Bob Costas, the quick-witted face of NBC Sports who is coming out of play-by-play "retirement" to headline MLB Network's coverage of the new Yankee Stadium opener, confesses to feeling a bit rusty. "In some aspects, it's like riding a bike," Costas said on a mid-Monday media conference call with principals of the Thursday telecast. "There might be a little bit of rust. "After three, four games, I might have a slightly better rhythm -- that's possible. We'll see. I'm just hoping it will all come back to me."
For Costas, whose love of baseball always permeated his game broadcasts, returning to the booth doesn't figure to be as challenging as Lance Armstrong's return to the Tour de France. And Costas' participation in the historic telecast from the Bronx will be visible proof of MLB Network's progress in the mere 3 1/2 months since its Jan. 1 launch. "We really look forward to doing the first game at the new Yankee Stadium," said Tony Petitti, the network's president and CEO. "It will be a great way to showcase what we are doing here, and an opportunity to bring Bob back into the booth. "I couldn't think of a better setting." Costas will be joined by Jim Kaat, a broadcasting mainstay at old Yankee Stadium, and Harold Reynolds. "I'm grateful to Tony for the opportunity to get back into the broadcast booth. And doing it with Bob is part of the thrill," Kaat said on the call. "I know what a great baseball fan he is, and we've never before had a chance to broadcast a game together." Reynolds could not join the call because of a previous honorary engagement: He is in Seattle, preparing to throw out the first pitch of the Mariners' home opener on Tuesday against the Angels. Costas will resume his play-by-play career across the street from where he had ended it. The last game he called was the sixth and final game of the 2000 American League Championship Series in old Yankee Stadium, in which New York beat Seattle, 9-7, as the precursor to its third straight World Series title. "There is not anything I missed least about [broadcasting baseball]," Costas said. "But what I missed most was just sitting in the press room, swapping baseball stories. And being around on an ongoing basis." The play-by-play gig will be a departure for Costas, MLB Network's lead studio host. His only other confirmed assignment is the May 7 game between National League East rivals the Phillies and the Mets. Costas, who turned 57 three weeks ago, estimates to have made 12-15 visits to Yankee Stadium since his last workday in Babe Ruth's house. "Cliff Lee versus CC Sabathia," Costas mused about the scheduled pitching matchup for the opener against Cleveland, featuring the AL's last two winners of the Cy Young Award. "You can't ask for more than that." "It will be an exciting day," summed up Kaat. "I'm looking forward to it." The 1:05 p.m. ET broadcast will be the first game of an MLB Network doubleheader. Game 2 will have the Blue Jays in Minnesota, with Victor Rojas and Dan Plesac on the call.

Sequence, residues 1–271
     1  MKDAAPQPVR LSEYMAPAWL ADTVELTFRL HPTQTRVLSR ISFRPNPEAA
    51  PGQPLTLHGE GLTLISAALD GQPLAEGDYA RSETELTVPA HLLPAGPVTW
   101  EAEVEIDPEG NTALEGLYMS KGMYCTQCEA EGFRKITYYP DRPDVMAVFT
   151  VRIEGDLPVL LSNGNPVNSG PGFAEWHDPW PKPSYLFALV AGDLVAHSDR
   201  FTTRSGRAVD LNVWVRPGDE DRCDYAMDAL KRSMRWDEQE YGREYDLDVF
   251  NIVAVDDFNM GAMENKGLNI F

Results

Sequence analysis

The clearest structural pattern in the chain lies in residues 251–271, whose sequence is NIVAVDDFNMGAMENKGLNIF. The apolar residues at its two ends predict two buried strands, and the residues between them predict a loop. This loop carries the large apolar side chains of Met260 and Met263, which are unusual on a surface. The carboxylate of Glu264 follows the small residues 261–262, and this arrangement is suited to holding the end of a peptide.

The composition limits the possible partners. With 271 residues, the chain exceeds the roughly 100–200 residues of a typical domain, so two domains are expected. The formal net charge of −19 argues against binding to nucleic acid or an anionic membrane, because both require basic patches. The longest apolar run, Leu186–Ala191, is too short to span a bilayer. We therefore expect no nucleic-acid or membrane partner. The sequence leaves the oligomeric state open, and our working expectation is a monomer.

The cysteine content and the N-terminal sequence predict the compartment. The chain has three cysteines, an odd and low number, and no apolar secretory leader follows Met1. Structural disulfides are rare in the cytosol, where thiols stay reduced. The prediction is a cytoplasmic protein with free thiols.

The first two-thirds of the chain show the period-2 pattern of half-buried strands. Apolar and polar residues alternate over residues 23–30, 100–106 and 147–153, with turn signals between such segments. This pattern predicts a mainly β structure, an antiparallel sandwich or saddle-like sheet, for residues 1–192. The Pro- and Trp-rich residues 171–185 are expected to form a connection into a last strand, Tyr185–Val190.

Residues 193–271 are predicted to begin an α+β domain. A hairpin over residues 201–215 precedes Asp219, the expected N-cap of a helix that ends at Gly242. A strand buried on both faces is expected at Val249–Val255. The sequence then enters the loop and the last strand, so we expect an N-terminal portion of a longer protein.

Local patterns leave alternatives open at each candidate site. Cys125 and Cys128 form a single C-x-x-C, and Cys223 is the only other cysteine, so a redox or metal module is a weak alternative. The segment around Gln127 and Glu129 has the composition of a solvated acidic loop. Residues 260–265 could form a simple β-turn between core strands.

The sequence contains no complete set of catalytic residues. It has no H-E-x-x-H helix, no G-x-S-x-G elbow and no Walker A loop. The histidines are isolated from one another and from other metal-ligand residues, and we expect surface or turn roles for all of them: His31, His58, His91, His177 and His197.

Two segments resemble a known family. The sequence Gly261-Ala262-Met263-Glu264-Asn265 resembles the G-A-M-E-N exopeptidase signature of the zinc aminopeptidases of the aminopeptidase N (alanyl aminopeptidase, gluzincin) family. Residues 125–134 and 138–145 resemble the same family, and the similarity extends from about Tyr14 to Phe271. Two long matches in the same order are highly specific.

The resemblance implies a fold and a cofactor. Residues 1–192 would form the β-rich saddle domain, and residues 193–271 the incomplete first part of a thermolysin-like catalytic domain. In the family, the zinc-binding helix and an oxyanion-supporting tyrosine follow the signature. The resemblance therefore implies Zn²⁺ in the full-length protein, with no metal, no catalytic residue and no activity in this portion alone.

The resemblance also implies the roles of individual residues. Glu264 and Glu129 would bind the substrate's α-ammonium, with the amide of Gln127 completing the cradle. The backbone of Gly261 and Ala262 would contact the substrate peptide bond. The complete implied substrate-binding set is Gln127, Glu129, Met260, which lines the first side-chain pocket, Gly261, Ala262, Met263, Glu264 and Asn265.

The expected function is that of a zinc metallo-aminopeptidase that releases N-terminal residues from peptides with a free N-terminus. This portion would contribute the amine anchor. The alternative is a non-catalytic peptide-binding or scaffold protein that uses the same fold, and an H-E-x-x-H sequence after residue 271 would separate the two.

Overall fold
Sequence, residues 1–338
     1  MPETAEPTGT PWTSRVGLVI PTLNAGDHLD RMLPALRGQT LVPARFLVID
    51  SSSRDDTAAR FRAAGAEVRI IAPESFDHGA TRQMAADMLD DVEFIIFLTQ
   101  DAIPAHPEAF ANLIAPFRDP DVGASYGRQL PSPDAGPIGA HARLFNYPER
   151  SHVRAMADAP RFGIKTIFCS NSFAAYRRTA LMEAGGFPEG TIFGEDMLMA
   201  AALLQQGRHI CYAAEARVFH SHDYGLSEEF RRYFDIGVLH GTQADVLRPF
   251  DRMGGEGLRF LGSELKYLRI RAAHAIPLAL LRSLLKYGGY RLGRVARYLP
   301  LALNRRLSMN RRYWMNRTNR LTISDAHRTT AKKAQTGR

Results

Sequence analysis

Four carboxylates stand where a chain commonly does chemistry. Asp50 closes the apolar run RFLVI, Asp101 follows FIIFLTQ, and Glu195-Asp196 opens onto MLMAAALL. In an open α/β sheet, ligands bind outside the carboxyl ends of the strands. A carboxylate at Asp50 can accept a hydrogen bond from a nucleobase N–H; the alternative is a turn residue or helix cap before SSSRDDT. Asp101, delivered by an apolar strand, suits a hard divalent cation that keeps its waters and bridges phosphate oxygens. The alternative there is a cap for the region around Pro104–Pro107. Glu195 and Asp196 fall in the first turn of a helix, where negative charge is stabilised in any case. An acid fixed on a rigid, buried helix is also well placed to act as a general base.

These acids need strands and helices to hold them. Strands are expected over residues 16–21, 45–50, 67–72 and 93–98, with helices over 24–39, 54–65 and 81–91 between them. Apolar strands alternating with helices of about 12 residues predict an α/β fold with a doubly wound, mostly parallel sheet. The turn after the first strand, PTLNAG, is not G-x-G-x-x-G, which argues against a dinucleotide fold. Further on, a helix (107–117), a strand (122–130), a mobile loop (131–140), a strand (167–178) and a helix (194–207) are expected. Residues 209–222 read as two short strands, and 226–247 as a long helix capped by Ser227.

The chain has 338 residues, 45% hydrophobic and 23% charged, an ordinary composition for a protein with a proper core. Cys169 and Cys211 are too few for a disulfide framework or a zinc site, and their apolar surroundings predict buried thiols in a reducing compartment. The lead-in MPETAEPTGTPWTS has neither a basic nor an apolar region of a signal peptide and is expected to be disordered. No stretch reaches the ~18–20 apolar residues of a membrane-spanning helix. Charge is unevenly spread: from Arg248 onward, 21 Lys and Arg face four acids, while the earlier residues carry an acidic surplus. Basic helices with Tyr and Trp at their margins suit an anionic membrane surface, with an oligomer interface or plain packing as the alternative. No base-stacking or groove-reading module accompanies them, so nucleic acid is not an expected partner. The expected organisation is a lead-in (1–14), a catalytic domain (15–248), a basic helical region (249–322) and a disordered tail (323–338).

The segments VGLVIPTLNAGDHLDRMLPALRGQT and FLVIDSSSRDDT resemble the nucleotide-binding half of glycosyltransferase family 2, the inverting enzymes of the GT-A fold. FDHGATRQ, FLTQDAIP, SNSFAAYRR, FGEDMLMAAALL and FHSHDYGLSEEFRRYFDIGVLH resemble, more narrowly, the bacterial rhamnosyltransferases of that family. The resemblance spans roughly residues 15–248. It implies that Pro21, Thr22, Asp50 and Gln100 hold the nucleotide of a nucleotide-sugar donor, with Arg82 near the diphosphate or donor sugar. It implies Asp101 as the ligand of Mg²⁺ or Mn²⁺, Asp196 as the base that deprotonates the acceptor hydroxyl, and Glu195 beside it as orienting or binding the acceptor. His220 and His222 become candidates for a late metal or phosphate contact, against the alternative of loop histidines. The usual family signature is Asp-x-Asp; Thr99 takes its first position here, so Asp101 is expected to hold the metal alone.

Tom Singer is a reporter for MLB.com. This story was not subject to the approval of Major League Baseball or its clubs.